Puget Sound Energy steps closer to constructing 16-mile power line. But opponents are not backing down.

Source: Paige Cornwell, Seattle Times, July 1, 2019

The Bellevue hearing examiner has ruled in favor of Puget Sound Energy’s “Energize Eastside” project, bringing the utility one step closer to construction on a portion of the 16-mile power line project that’s been at the center of a nearly six-year debate. 

The ruling approved PSE’s conditional-use permit for one phase of the $150 million-plus project that would build high-voltage lines from Redmond to Renton. The permit is limited to south Bellevue, where the utility hopes to build a new substation and add 3.3 miles of 230-kilovolt lines.

Two groups opposed to Energize Eastside said they plan to file appeals with the Bellevue City Council.

Puget Sound Energy — and opponents who have spent years and thousands of dollars to fight the project — had been awaiting the ruling since early April, following four days of public hearings.

The utility called the permit approval a “key milestone” for Energize Eastside, but there’s still no estimated date for when construction could begin. PSE still has to apply for additional permits in Bellevue and conditional-use permits in Newcastle and Renton, which will take months.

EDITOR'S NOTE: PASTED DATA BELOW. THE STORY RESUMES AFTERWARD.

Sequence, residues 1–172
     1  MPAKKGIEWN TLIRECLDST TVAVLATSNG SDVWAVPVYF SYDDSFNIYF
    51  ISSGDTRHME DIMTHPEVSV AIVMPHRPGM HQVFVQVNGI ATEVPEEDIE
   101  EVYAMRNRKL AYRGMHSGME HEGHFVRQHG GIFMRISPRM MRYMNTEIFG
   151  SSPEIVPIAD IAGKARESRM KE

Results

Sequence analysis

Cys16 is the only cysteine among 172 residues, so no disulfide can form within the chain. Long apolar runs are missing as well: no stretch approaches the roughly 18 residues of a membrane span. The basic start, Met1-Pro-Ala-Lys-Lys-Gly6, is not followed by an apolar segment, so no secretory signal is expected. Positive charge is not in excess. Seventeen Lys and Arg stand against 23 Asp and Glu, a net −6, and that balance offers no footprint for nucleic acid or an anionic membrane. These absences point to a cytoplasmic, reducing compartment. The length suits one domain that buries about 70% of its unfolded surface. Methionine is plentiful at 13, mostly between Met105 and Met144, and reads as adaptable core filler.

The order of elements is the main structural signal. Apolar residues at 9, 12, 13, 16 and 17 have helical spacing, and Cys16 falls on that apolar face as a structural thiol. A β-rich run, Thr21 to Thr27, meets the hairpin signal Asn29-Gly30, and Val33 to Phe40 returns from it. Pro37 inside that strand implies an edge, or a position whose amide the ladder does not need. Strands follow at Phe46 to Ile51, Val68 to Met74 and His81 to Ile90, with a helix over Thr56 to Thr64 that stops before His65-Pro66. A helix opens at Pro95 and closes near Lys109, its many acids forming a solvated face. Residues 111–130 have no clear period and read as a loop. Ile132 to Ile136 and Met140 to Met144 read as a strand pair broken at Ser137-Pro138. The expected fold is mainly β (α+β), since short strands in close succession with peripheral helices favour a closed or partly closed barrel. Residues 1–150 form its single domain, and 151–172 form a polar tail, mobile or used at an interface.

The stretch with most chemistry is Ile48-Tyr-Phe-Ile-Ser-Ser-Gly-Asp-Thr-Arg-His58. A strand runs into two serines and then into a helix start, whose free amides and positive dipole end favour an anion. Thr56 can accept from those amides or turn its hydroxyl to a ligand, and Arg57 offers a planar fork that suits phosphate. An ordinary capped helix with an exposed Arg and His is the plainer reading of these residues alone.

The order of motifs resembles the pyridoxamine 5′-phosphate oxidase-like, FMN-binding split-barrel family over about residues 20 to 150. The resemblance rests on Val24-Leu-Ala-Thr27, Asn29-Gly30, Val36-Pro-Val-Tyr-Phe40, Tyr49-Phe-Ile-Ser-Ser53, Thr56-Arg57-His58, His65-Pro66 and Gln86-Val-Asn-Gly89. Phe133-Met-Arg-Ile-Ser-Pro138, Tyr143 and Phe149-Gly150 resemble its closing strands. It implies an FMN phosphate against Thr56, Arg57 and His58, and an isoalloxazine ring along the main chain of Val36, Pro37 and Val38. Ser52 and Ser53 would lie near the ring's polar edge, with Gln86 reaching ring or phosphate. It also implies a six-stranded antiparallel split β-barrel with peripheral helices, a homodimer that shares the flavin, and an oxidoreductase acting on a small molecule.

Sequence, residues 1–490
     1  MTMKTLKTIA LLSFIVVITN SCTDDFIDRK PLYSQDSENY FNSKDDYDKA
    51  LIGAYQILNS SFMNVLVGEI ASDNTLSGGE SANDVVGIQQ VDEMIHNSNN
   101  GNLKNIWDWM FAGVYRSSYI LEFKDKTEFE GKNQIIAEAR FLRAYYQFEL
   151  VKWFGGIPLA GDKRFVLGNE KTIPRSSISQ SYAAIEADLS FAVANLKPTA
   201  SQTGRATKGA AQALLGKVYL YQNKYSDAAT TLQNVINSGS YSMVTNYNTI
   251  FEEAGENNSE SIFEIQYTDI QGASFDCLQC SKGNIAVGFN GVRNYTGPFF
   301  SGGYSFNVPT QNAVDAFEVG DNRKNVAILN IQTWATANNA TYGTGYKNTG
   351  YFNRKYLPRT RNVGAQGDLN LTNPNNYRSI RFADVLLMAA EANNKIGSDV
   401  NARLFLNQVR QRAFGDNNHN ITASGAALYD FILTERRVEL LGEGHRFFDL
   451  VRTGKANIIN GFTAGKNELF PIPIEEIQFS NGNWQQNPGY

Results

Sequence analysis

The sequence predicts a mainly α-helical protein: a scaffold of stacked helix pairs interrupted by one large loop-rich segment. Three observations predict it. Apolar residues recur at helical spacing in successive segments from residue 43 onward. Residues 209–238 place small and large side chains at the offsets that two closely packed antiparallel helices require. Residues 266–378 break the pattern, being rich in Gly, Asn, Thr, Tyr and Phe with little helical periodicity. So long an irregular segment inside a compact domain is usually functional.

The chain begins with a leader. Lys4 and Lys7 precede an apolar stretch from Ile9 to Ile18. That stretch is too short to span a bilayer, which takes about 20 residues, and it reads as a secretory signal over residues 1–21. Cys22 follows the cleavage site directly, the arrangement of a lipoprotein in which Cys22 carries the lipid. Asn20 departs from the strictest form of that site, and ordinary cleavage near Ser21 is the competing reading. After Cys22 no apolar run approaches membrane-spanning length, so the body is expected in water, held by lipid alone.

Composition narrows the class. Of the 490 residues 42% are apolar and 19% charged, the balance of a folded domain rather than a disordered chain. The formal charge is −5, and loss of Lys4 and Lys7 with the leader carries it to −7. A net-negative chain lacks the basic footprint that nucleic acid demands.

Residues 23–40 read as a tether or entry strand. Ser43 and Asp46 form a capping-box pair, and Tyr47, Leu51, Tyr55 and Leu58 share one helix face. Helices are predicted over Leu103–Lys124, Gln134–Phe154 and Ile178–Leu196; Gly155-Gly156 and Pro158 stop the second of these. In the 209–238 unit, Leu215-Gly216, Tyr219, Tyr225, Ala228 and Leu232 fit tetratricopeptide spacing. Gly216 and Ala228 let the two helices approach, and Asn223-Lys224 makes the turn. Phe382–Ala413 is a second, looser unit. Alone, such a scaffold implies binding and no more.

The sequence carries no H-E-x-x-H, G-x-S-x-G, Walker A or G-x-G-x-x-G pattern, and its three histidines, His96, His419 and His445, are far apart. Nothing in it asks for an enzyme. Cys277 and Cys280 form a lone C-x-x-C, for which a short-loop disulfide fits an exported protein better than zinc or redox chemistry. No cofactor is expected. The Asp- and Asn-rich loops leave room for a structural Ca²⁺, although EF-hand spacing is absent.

“It’s momentum forward, and it gets us closer to construction,” said Keri Pravitz, Energize Eastside community projects manager.

PSE says the project is needed to provide reliable power to 400,000 people on the Eastside, which hasn’t had a major upgrade to its system’s capacity since the 1960s.

The proposed route would run along an existing path of power lines and will have transmission lines strung on new steel monopoles that are 20 to 40 feet taller than the wooden H-frames that are in use. The lines would be upgraded from the current 115-kilovolt lines. A kilovolt is 1,000 volts.

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